I've got a Raspberry Pi with which I control a servo. The servo controlls the rudder in an autonomous boat I'm building. I'm using Golang and this gpio library to control the PWM.

The input I get from the program ranges from -100 (full left) to 100 (full right). I've got some code (proof-of-concept) which works great (paste here).

I use:

  • a frequency of 100
  • a cycle length of 100
  • I vary the duty cycle between 3 (full left) and 14 (full right).

This works great, but since the library only accepts ints as input for the duty cycle, I only have 11 discrete steps to which the servo can be set. I would like to be able to have more fine grained control though. I would like to use a minimum of about 25 discrete steps.

So I played around with the numbers of the frequency, the cycle length and the duty cycle minimum and maximum, but I really can't get more steps.

Could anybody give me some hints as to how I can create more discrete steps? All tips are welcome!

So far so good.


Your pin frequency is far too low. This establishes the basic clock used to produce the PWM.

You normally want the PWM signal to have a period close to 20 ms, which corresponds to an update rate of 50 Hz. The pulse width needs to vary between 1 and 2 ms. If you want 200 steps to cover this range (-100 to +100), the pin frequency (PIN_FREQ) needs to be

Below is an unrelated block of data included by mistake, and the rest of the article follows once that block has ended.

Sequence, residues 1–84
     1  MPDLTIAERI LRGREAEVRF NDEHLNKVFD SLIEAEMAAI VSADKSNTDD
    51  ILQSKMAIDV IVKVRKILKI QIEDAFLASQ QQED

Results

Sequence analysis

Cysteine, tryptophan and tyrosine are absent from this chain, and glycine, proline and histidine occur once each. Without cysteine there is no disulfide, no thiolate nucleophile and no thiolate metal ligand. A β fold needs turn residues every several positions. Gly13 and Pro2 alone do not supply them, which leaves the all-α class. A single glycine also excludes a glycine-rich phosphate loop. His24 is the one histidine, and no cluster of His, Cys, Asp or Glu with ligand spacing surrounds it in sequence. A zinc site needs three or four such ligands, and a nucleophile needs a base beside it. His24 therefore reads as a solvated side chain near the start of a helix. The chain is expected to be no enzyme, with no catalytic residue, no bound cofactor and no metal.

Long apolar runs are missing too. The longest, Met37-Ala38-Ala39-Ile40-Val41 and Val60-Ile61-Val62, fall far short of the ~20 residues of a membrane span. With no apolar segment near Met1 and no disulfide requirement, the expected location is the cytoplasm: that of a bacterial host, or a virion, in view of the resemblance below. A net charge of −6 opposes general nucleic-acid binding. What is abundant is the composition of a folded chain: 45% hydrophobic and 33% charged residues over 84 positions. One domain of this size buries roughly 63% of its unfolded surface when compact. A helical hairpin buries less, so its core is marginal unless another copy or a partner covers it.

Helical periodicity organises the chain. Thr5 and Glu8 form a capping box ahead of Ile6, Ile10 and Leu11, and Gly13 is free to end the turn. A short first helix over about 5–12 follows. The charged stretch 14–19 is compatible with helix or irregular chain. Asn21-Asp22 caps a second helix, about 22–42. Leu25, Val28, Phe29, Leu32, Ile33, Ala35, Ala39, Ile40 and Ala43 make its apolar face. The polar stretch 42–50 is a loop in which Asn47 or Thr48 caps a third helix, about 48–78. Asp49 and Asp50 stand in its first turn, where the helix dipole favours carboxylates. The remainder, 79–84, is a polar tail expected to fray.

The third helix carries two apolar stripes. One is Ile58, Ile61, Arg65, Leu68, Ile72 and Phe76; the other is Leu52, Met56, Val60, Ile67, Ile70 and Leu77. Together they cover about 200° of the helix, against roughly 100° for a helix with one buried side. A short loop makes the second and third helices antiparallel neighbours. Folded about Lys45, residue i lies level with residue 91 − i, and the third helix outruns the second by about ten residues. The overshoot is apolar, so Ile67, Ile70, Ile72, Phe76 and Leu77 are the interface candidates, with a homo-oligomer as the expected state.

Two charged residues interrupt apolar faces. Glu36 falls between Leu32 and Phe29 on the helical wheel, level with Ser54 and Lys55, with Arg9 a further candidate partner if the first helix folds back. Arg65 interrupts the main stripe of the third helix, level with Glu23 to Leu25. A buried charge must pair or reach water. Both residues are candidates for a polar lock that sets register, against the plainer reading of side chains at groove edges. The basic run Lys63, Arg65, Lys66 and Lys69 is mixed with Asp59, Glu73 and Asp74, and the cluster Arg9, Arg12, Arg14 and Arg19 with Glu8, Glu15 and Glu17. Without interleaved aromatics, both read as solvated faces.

$$\frac{200}{2\text{ ms} - 1\text{ ms}} = 200\text{ kHz}$$

If you want to update at 50 Hz, that means that the cycle length (CYCLE_LENGTH) should be

$$\frac{200\text{ kHz}}{50\text{ Hz}} = 4000$$

and to vary the pulse width between 1 ms and 2 ms, you use duty cycle (dutyCycle) values between

$$200\text{ kHz} \times 1\text{ ms} = 200$$


$$200\text{ kHz} \times 2\text{ ms} = 400$$

  • \$\begingroup\$ This is awesome. Not only does it work, I now also finally understand how it works. Thanks a million! \$\endgroup\$ – kramer65 Oct 9 at 18:04

Your Answer

By clicking “Post Your Answer”, you agree to our terms of service, privacy policy and cookie policy

Not the answer you're looking for? Browse other questions tagged or ask your own question.